Rouse, which had developed the property, struck a deal in 1978 to begin managing the mall and later took over full ownership. By the mid-1980s, the mall had undergone renovations, become profitable again and was stamped a success story. But not for long.


Since the early 1990s, the mall has struggled to attract and retain national retailers. It never replaced Sears with another anchor. And while the mall remains highly profitable for Rouse, it is still shabby compared with other area malls.

Rouse, a public company since 1956 that trades as RSE on the New York Stock Exchange, reported $722 million in net operating income in 2003. It has developed office space, neighborhood projects and elaborate, destination shopping malls in 22 states.

The company's Web site says that "the attraction of The Rouse Company's Retail Centers extends beyond simply shopping. Each center functions as an integral part of the community in which it is located."

Rouse owns and operates higher-end shopping malls in Columbia, Towson, Owings Mills, White Marsh, Cross Keys in North Baltimore and Harborplace in downtown Baltimore. They include anchor stores like Nordstrom, Macy's, Lord & Taylor and Hecht's.

The most notable national stores at Mondawmin are Radio Shack and Foot Locker. Otherwise, the mall is dominated by local or regional retailers.

Community views


"Residents in that community would like to see higher-quality shopping in that mall," said City Councilman Keiffer J. Mitchell Jr., who represents the area around the mall. "I think in terms of what people call a traditional mall, people go out into the counties for that."

Mitchell praised the mall as a source of jobs in an otherwise high-unemployment area - but pointed out that it has never had a successful bookstore in its 48-year history.

The mall also has two liquor stores, two rehabilitation centers, a parole office, a check-cashing stand and other such outlets befitting the social ills of the community it serves.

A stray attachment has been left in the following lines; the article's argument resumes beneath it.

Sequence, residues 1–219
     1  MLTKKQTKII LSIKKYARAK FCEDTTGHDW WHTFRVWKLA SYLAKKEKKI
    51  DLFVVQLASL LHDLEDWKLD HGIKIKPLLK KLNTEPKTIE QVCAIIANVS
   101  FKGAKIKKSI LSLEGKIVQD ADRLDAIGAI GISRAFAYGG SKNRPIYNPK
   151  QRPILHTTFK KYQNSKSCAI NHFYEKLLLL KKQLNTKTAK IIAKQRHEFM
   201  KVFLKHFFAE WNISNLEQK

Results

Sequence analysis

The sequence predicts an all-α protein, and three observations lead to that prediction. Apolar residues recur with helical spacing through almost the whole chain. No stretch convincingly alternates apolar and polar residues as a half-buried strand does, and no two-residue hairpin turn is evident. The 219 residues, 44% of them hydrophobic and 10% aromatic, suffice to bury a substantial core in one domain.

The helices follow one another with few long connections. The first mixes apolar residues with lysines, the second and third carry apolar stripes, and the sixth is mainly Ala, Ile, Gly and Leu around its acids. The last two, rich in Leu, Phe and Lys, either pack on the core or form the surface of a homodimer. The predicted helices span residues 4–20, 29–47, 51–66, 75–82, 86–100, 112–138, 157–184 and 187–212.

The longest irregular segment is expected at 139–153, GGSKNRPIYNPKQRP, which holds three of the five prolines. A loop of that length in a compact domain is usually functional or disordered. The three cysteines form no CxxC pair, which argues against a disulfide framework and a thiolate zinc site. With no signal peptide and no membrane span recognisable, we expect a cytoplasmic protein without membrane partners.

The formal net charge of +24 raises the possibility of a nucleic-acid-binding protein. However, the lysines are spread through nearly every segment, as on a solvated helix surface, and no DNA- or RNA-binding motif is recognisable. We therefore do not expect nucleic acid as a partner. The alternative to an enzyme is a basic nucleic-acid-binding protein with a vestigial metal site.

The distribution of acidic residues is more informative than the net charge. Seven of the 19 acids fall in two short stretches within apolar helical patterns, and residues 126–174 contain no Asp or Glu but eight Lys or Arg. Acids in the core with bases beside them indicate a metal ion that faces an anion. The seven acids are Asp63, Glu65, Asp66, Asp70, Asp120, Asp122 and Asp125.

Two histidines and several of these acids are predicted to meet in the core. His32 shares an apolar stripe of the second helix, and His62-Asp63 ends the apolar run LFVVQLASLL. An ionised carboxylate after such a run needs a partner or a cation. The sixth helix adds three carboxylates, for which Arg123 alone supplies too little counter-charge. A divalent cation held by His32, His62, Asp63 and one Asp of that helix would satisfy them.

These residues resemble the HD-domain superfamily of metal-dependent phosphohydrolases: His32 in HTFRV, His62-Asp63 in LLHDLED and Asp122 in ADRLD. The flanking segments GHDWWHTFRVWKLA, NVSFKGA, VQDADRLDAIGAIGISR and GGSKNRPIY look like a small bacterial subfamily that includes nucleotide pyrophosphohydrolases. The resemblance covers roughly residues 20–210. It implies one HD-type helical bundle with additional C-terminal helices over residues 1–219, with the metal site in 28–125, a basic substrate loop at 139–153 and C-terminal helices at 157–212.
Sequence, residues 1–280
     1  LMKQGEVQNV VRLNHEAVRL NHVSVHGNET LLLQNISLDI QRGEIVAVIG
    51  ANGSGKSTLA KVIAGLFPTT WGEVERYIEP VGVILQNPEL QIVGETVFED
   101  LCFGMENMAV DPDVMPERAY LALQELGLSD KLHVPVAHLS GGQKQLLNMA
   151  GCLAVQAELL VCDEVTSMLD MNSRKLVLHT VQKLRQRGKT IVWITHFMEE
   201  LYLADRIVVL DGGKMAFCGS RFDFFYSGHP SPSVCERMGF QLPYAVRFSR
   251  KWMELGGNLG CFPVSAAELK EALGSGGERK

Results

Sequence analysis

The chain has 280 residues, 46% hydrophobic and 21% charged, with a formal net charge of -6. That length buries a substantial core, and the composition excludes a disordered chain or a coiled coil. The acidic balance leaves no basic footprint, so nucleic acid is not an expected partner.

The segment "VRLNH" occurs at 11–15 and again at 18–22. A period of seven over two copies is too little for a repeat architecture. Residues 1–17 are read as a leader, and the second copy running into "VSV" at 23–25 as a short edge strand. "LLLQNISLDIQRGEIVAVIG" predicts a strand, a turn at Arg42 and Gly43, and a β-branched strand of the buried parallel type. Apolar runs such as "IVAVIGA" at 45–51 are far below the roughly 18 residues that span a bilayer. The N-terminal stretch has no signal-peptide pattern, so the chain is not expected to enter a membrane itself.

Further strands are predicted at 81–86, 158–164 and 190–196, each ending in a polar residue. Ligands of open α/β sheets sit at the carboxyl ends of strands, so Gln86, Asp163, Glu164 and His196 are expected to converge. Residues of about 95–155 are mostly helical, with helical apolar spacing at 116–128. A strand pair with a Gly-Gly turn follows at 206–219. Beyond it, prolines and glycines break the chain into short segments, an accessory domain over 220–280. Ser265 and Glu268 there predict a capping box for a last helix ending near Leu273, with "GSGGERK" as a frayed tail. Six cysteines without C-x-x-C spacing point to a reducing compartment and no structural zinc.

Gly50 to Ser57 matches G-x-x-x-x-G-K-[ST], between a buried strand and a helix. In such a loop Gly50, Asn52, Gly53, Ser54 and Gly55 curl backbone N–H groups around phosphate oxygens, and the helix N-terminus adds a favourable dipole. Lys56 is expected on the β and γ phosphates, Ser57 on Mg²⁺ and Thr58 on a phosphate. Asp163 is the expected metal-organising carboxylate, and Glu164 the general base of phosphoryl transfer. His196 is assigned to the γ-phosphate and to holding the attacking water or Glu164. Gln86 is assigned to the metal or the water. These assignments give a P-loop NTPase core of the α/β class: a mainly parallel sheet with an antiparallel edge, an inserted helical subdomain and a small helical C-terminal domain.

That's not all bad, said community leader Earl Arnett, who has lived near the mall since 1967.

"That's a plus, I think," Arnett said. "Because the surrounding neighborhood has special needs. We have problems with education, families and deteriorating neighborhoods. So I think it is appropriate that the urban mall has programs within it to address that."

But Arnett also noted Rouse's history for developing communities with its trademark shopping complexes at their center, such as Columbia in Howard County, which was planned down to the curvature of its streets and the open green spaces. Arnett wonders why Rouse won't similarly invest in the Mondawmin Mall area.


"We have two colleges, a transit center, Druid Hill Park, some stable neighborhoods, a mixture of assets that could really blossom into a substantial neighborhood," he said. "The mall is the key ingredient. If the Rouse Company could see that and invest in it, then we will have something really valuable for Baltimore."

While there are no similar plans to develop land around the mall, Clark insists that Rouse's long delays in starting renovations do not mean that Mondawmin is being ignored by the company. She added that the company is happy with the level of service the mall is already providing the community.

'Doing well'

"It's nothing systemically wrong with Mondawmin; however, we always try to make our malls better," Clark said. "Mondawmin is no different. It is doing well. It is a very successful.

"We definitely want to cater to the community that is there, that is our mainstay and that is our customer," Clark said. But as for mall improvement plans, "they are still in the oven, trying to cook."